Is Art Since the Summer of ’69 an alternative space, a series of itinerant exhibition projects, or a commercial gallery? Its organizers, curator Hanne Mugaas, artist Paul-Aymar Mourgue d’Algue, and Salon 94 director Fabienne Stephan, don’t let classification guide their program. Art Since the Summer of ‘69 is first and foremost a curatorial project by the three organizers, dedicating to showcasing emerging art, newly located in a six-by-sixteen-foot sliver of a room in a Lower East Side office building. Often guarded by Mourgue d’Algue’s and Stephan’s tiny daschund, Ludwig von Truffle, the space bears an inextricable link to dogs: not only is their next show titled “The Bichon Frisé in Art,” (a small curly lap dog) but after two exhibitions the gallery has mounted, they’ve had two mentions in the New York Times, both of which were paired with images of canines.
Jack Pierson, One for My Baby, 2009. Courtesy the artist and Salon94. Features Ludwig Von Truffle.
Beforemoving into their current location, Art Since the Summer of ’69 mounted shows at the Swiss Insitute’s 2008 Dark Fair and the Los Angeles boutique Ooga Booga, not to mention an abandoned make-up room on Broadway in TriBeCa, New York City. Each presentation contained work by multiple artists, oftentimes responding to overarching subject matter as the “secondary market.” The title of their December 2008 show at Ooga Booga, Secondary Market, exhibited art found exclusively on eBay, for sale at the boutique until each work was purchased. The solo efforts of the trio’s members—who maintain professional relationships to the commercial art world—account for many more ventures in redefining the spatial and temporal boundaries of exhibition-making, including one by Mourgue d’Algue, who launched a show on a farm in his home town of Geneva, Switzerland.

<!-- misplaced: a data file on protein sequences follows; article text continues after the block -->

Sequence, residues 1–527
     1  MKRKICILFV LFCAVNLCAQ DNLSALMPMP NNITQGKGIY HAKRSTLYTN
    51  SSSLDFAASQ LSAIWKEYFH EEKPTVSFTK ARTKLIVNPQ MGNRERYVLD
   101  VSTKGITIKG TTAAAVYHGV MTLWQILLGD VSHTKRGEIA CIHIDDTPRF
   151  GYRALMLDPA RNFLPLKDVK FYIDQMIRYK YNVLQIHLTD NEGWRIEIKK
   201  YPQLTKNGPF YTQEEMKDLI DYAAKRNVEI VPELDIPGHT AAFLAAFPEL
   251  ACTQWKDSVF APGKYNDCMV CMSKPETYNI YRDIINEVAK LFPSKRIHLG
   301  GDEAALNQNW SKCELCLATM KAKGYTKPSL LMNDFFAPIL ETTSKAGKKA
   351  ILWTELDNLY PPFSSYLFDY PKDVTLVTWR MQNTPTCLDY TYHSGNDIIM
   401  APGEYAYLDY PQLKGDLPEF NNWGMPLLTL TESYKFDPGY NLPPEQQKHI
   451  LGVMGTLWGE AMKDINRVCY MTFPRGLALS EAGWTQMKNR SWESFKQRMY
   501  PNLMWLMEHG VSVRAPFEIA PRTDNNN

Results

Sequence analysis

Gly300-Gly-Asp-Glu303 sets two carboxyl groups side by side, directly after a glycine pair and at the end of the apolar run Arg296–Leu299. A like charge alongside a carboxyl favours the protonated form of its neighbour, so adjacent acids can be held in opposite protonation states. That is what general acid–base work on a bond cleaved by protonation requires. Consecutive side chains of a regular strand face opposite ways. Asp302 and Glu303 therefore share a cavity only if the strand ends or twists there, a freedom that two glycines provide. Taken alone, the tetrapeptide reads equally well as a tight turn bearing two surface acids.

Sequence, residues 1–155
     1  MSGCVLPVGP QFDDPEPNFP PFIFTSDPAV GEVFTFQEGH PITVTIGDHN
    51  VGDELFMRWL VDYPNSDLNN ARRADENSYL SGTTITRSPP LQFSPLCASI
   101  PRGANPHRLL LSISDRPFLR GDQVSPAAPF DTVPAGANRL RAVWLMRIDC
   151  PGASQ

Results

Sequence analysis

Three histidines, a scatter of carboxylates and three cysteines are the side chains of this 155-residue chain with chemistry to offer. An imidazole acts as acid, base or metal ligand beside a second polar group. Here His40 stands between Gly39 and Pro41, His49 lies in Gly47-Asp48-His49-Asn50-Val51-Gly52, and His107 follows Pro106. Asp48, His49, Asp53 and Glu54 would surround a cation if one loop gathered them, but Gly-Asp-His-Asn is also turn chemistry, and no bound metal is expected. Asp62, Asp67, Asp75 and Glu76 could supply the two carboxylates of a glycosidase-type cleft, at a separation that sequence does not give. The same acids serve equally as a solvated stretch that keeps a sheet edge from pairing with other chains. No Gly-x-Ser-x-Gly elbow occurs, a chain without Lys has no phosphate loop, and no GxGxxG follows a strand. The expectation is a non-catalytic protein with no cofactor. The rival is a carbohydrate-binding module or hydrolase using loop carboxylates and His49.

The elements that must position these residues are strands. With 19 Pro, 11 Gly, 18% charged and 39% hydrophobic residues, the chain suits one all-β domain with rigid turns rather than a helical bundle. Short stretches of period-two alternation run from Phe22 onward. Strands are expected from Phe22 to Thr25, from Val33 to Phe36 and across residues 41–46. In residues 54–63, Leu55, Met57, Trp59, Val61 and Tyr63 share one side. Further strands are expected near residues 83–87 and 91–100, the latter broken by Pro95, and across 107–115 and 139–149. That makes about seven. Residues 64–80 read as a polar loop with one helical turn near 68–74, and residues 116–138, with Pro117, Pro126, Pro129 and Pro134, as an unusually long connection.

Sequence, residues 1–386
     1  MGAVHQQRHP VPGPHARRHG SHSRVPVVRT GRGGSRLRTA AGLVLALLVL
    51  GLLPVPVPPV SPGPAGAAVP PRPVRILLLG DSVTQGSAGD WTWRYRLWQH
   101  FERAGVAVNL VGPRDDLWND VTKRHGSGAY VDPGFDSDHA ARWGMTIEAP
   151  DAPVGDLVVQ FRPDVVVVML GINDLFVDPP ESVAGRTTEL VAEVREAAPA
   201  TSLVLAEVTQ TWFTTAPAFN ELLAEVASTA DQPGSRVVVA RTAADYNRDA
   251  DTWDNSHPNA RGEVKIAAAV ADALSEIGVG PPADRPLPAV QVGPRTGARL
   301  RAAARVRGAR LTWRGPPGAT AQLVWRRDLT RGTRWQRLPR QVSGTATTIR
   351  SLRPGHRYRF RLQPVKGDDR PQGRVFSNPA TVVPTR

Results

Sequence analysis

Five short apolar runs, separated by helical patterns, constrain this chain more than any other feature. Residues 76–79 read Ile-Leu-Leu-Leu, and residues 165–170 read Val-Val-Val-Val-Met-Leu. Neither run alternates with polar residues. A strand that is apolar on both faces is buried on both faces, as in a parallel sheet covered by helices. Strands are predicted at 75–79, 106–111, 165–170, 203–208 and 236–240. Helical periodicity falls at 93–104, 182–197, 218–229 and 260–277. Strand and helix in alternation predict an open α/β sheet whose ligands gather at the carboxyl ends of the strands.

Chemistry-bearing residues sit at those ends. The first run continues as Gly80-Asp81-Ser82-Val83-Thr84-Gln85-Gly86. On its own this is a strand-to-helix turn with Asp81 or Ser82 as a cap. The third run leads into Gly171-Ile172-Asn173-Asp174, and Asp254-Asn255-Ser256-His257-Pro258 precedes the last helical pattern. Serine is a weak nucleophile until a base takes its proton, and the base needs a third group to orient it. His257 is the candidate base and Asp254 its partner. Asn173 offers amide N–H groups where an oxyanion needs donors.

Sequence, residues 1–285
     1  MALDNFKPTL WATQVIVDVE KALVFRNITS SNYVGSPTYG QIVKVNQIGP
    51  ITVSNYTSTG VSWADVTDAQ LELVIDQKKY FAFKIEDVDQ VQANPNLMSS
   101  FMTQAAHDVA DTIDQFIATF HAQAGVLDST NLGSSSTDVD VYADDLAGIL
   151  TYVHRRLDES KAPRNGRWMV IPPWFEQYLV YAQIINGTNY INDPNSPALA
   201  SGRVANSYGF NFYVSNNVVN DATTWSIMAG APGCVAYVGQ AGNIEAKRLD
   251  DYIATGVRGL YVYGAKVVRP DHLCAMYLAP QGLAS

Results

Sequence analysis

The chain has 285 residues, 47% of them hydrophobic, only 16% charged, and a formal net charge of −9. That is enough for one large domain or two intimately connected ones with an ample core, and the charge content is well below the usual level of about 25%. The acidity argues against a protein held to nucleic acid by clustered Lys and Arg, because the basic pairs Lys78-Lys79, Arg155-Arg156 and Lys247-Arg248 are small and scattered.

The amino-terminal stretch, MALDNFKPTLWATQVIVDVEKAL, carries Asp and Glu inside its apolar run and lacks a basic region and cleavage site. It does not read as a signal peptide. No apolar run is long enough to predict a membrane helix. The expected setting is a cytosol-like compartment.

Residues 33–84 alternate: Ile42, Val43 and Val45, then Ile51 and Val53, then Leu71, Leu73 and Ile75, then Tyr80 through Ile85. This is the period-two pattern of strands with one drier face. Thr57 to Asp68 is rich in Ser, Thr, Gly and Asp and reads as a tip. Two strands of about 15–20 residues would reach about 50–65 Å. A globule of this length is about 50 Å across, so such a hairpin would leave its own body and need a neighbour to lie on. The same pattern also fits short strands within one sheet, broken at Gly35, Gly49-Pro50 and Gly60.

Stephan, Mourgue d’Algue, and Mugaas’ next joint initiative is a show consisting solely of art historical depictions of the Bichon Frisé—the aforementioned curly, white lap dog. The exhibition, to open September 20th, is curated by Edward J. Shephard Jr., Head of Collection Development & Management at Binghampton University’s library. While he doesn’t work professionally in the art world, Shephard loves Bichons, and has spent hours culling images of small white dogs from art history texts. In 1996, Shephard began an ongoing online exhibition of scanned images spanning the course of 2,000 years focused specifically on the breed. Stumbling upon Shephard’s net-based show, Mugaas shared it with and eventually approached Shephard with possibility of translating his Bichon Frisé project into a real-space exhibition. Though the presentation will largely consist of Shephard’s found images, Art Since the Summer of ’69 also invited seven artists to make Bichon-themed work. Among those invited is Marcel Dionne, an “international man of mystery,” and the gallery’s only in-house artist.
A project about dogs might seem frivolous, or at least a frivolous attempt at kitsch. But the theme of both the show holds to the space itself—allowing the purviews of both “high” and “low” art to mutually influence each other, particularly through the non-specialized appreciation of art. Viewers can learn from the countless hours Shepard dedicated to his dog search as a form of unusual sincerity—a non-careerist mode of working with art, and collecting. Stephan says of looking back at art history through Shepard’s lens, “It shows you more. There’s so much art that’s extremely cynical, and we want to be completely void of that if possible.” It’s a line of curatorial thinking that comes from the Latin “cura,” such that to “curate” means “to care for.”
The Bichon Frisé in Art opens Sunday, September 20. Art Since the Summer of ’69 is located at 195 Chrystie St #303. Dogs are “more than welcome.”